Street Fight Daily: Facebook Nearby Now “Local Search,” Mobile Shift Threatens Google

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A roundup of today’s big stories in hyperlocal content, commerce, and technology.

facebook-places-logo-150Facebook Nearby Is Now Facebook ‘Local Search’ (InsideFacebook)
Facebook has renamed its Nearby feature on iOS “Local Search,” making its function more obvious and possibly increasing the number of users who will try it. Now it’s seeking to be a Yelp competitor, allowing users to search for specific places, browse categories or see broadly what’s around them, organized by their friend’s recommendations, check-ins and other social cues, such as star ratings.

Report: Local Mobile Ad Revenue to Hit $9 Billion by 2017 (Street Fight)
Local mobile advertising is set to generate $9 billion in revenue by 2017, but it will take a smaller portion of total mobile ad spend than previously expected, according to a new study by BIA/Kelsey. The research firm revised its earlier estimates for local-mobile spends share from 44% to 38% of total mobile ad dollars in 2012 to account for slower than expected adoption of local strategies among national advertisers and an increase in mobile advertising as a whole.

As Web Search Goes Mobile, Competitors Chip at Google’s Lead (New York Times)
Google remains the undisputed king of search, with about two-thirds of the market. But the nature of search is changing, especially as more people search for what they want to buy, eat or learn on their mobile devices. This has put the $22 billion search industry, perhaps the most lucrative and influential of online businesses, at its most significant crossroad since its invention.

How Partnerships Can Help Hyperlocal Sites Expand Their Reach (Street Fight)
Tom Grubisich: There’s a saying that’s echoing more insistently today in hyperlocal publishing: “Don’t compete – collaborate.” Editor and publisher Susan Mernit puts that saying into practice at Oakland Local, partnering with other media and non-profits to juice content, build visibility, and generate revenue.

Arthur Frommer Gets His Brand Name Back from Google (Skift)
Arthur Frommer has regained the right to publish the guidebooks and run the travel website that bears his name. The announcement means that the popular line of guides is safe for the foreseeable future, though it’s not clear how much of the content is included in the deal, as Google is using a lot of Frommer content on Google+ Local and Zagat.

Case Study: Nonprofit Uses Hyperlocal Content to Reach Families (Street Fight)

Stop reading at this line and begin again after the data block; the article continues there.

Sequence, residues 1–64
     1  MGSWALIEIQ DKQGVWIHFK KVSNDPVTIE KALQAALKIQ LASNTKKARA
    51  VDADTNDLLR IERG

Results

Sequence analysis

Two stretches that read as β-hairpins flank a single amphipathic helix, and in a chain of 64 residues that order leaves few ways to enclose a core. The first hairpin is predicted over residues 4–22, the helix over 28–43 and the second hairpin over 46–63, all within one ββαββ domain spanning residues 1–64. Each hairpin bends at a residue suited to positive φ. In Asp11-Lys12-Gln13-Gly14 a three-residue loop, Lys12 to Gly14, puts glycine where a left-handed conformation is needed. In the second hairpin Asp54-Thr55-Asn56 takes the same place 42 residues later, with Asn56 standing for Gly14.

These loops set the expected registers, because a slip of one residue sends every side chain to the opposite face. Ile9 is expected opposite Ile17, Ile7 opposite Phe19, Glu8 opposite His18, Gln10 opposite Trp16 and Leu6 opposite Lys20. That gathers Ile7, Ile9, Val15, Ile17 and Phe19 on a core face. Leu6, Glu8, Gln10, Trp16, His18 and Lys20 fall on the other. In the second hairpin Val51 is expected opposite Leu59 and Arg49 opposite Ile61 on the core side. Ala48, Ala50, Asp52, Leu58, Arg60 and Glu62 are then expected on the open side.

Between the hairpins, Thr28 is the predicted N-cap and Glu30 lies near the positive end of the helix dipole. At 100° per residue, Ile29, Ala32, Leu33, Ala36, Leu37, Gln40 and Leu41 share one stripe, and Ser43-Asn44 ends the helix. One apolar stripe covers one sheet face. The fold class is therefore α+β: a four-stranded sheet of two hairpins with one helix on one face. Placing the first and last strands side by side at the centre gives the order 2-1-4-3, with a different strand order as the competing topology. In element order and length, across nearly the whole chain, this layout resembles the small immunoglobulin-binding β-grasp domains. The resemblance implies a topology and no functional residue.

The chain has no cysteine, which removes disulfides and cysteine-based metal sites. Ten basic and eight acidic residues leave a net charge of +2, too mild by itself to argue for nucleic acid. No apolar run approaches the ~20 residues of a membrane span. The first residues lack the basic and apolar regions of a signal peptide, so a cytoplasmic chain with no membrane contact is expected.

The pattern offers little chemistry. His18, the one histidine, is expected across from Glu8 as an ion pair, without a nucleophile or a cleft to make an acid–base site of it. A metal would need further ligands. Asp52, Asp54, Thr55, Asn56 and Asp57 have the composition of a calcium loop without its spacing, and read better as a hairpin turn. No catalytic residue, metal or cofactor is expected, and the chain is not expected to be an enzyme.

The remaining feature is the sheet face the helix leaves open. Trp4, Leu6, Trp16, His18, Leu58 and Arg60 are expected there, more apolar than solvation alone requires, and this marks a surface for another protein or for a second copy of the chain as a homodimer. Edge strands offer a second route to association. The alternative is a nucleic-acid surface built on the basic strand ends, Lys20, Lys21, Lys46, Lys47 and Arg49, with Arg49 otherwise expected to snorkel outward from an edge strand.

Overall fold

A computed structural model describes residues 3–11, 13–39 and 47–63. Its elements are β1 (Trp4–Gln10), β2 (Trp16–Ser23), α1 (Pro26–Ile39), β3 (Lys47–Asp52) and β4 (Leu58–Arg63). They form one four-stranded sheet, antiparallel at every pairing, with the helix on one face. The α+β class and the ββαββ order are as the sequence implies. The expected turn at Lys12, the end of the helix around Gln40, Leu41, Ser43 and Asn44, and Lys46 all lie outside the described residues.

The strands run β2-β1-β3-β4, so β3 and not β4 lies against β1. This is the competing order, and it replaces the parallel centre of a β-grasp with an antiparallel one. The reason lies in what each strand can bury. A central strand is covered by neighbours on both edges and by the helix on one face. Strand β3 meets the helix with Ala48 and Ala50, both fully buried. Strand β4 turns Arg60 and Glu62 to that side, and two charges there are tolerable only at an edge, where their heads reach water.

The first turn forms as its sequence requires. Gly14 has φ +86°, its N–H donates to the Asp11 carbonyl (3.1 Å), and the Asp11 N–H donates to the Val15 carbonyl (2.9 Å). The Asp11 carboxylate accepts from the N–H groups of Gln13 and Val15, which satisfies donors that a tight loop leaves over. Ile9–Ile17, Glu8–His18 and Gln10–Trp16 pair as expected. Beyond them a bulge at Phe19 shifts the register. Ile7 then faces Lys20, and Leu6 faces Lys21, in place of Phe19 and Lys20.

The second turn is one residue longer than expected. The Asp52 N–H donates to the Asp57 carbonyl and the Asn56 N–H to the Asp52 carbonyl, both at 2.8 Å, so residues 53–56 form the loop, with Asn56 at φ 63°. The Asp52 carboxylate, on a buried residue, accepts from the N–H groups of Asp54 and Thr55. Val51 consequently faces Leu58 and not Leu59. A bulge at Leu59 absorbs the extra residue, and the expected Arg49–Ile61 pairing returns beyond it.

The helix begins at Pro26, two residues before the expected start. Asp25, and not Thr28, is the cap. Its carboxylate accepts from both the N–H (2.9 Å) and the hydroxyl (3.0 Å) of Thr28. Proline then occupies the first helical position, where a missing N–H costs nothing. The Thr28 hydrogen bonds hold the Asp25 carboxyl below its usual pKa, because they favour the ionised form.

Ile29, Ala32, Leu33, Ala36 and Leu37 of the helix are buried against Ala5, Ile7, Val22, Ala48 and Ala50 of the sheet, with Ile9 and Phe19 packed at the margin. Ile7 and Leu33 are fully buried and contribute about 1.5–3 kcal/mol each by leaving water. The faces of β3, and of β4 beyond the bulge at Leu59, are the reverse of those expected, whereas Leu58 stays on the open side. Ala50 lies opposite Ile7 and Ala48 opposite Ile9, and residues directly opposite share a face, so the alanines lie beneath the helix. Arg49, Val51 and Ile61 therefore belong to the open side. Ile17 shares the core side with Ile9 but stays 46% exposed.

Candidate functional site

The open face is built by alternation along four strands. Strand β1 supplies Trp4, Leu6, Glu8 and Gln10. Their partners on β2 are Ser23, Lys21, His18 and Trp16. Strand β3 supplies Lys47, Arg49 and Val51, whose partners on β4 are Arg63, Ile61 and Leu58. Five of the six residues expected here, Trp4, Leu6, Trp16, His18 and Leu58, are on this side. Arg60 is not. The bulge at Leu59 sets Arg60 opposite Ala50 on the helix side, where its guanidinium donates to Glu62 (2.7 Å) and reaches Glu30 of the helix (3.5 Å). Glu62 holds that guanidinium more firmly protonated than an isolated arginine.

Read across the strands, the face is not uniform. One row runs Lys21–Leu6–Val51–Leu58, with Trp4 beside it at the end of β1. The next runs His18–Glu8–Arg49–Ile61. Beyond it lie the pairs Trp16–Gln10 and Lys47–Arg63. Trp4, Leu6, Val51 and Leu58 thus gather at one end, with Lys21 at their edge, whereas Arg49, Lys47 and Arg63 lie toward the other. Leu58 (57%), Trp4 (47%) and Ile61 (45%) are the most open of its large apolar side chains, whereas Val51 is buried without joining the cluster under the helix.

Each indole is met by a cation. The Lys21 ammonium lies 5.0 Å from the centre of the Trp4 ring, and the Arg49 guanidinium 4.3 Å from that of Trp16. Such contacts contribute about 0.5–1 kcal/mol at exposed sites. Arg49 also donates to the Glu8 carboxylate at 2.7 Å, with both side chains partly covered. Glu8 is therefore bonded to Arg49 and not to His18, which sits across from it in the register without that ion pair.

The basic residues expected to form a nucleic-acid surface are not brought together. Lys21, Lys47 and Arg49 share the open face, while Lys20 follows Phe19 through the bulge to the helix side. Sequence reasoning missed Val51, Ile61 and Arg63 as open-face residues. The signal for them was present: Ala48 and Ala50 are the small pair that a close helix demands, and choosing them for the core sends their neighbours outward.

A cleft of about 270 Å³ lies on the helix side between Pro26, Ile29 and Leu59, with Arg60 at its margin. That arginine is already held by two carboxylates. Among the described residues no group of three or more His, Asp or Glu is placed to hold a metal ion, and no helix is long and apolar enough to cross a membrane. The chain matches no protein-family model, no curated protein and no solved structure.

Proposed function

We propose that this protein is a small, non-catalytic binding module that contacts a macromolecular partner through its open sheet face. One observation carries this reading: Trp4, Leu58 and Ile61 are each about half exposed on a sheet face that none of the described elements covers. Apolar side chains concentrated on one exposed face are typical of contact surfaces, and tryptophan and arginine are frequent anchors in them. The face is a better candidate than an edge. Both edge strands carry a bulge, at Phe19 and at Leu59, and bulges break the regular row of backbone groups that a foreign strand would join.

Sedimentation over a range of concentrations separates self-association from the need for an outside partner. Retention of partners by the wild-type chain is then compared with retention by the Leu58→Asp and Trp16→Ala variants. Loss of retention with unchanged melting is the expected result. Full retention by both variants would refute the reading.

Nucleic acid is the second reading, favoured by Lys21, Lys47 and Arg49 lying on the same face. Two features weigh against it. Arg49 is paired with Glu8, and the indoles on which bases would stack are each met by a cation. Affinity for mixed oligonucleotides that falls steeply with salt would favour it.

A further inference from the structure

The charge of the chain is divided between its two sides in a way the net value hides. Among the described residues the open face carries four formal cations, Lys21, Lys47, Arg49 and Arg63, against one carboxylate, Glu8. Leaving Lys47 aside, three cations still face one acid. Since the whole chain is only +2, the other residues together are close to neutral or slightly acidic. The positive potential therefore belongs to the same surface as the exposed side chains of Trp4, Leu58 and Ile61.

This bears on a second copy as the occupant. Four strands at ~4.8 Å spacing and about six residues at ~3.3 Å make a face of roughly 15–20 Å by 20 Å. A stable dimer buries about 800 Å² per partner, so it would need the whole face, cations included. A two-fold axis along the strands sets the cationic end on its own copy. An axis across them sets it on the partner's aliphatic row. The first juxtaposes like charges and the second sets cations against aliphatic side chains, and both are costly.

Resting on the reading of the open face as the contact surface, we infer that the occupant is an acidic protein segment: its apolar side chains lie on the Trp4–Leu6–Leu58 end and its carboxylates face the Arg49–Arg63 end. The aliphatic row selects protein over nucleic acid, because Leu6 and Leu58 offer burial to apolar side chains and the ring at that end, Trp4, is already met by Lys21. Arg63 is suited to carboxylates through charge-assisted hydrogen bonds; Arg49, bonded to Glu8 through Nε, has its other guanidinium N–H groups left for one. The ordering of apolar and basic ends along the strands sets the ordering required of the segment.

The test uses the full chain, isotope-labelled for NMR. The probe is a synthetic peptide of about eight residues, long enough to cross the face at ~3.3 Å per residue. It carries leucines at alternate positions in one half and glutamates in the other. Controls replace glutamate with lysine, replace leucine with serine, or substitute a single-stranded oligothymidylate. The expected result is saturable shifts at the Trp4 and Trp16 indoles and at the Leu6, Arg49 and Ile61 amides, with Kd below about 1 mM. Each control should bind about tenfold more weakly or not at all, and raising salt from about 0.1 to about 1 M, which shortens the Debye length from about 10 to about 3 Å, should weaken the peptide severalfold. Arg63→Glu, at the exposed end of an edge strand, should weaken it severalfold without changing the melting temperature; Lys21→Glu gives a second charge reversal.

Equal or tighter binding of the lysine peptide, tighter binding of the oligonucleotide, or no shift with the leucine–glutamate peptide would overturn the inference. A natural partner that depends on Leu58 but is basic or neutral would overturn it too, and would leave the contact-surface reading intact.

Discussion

What started out as an online cookie sale in 2008 turned into much more for Cookies for Kids’ Cancer, when the pediatric cancer research nonprofit formed a partnership with hyperlocal content network Macaroni Kid to promote its local bake sales across the country in 2010.

Why Indoor Location will be bigger than GPS or Maps, and how it works (The Next Big Thing)
Don Dodge: Indoor Location and Positioning will be huge. Why? Because we spend most of our time indoors, working, shopping, eating, at the mall, at the office, on campus, etc. The race is on. The explosion of Smartphones with built in sensors, accelerometer, gyro, wifi radios, and camera make indoor positioning possible.

Nokia Anchors Location Data Strategy in Chicago (Chicago Tribune)
Nokia’s location technology comes partly as a result of its 2008 acquisition of Chicago digital mapmaker Navteq. The company believes its massive database of location information, as well as the apps that can be built on that platform, will help it regain lost ground in the ultracompetitive race between smartphone-makers.

Macy’s, Others Turn Stores Into Online Fulfillment Centers (Forbes)
A number of major retail chains are now expanding their capacity to fulfill online orders from stores, essentially turning their hundreds of retail locations into local distributions centers. In February, Macy’s announced it was expanding online fulfillment from 292 stores to 500 by the close of 2013 as part of its “omnichannel” push.

Food Delivery Tech Stays Hot, as EAT Club Raises $5M (Wall Street Journal)
The restaurant business is cutthroat with low margins but venture investors continue to pour money into startups offering new ways for people to find and order meals online. The latest to attract venture funding, EAT Club, raised $5 million in a Series A round, led by August Capital Wednesday.

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